The California Birth Defects Monitoring Program (CBDMP) collects and analyzes data to identify opportunities for preventing birth defects and improving the health of babies.
In 1982, California established a groundbreaking program for birth defects monitoring. CBDMP has since become a model for surveillance in other states and a worldwide leader in providing data for birth defects research. CBDMP's Registry database has information amassed from surveillance of over 25 years and 6.25 million births. We strive to gather data on a core group of conditions in a large representative sample of births.
CBDMP performs active case finding for surveillance in select California counties, which are representative of the state's population. Information is collected on specific congenital and inherited disorders to provide the public, researchers and the medical community with accurate data on birth defects. We set procedures for identifying children with birth defects, reviewing medical records and linking cases with state and national agencies. Data collection focuses on structural malformations including major heart defects, oral clefts, neural tube defects, hypospadias, abdominal wall defects, Down syndrome and other chromosomal defects.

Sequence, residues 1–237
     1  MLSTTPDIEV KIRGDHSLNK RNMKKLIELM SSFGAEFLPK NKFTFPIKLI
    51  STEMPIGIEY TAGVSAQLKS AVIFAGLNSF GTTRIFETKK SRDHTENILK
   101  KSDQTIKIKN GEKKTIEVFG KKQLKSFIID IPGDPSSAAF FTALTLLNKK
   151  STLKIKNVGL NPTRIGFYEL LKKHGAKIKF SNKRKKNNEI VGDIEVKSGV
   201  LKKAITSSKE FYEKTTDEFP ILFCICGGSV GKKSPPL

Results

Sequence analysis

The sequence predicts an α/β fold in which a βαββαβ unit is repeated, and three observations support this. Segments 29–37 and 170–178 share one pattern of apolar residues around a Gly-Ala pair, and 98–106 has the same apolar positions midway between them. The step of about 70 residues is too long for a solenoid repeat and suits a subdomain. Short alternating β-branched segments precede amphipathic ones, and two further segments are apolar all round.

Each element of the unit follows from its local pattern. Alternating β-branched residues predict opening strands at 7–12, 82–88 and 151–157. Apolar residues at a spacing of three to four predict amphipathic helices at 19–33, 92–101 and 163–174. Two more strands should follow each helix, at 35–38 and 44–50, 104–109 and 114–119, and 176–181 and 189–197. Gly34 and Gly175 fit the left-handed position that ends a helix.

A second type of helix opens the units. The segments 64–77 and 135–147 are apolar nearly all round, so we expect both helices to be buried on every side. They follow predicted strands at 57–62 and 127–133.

CBDMP monitors the rates of birth defects by geographic and demographic attributes, and We focuses on common birth defects with substantial public health impact. We strive to monitor a large number of representative births in California so that findings will be scientifically meaningful and have a potential to prevent the most widespread conditions threatening today's infants.
With a data collection and analysis framework in place, CBDMP responds to inquiries from the public, research and medical communities. CBDMP provides data for public health reports, needs assessments and program evaluation. CBDMP works to communicate relevant information and identify appropriate resources specifically for California families concerned about birth defects. With many published findings and ongoing monitoring of California births, the CBDMP continues to be a leader in birth defects surveillance.
National Birth Defects Prevention Month
We know that not all birth defects can be prevented, however, the goal is to promote healthy choices to help lower the risk of having a baby born with a birth defect. That means every woman age 15-44 years should be taking steps to prevent birth defects before even thinking about becoming pregnant. To learn more about preventing birth defects, read Tips for Preventing Birth Defects.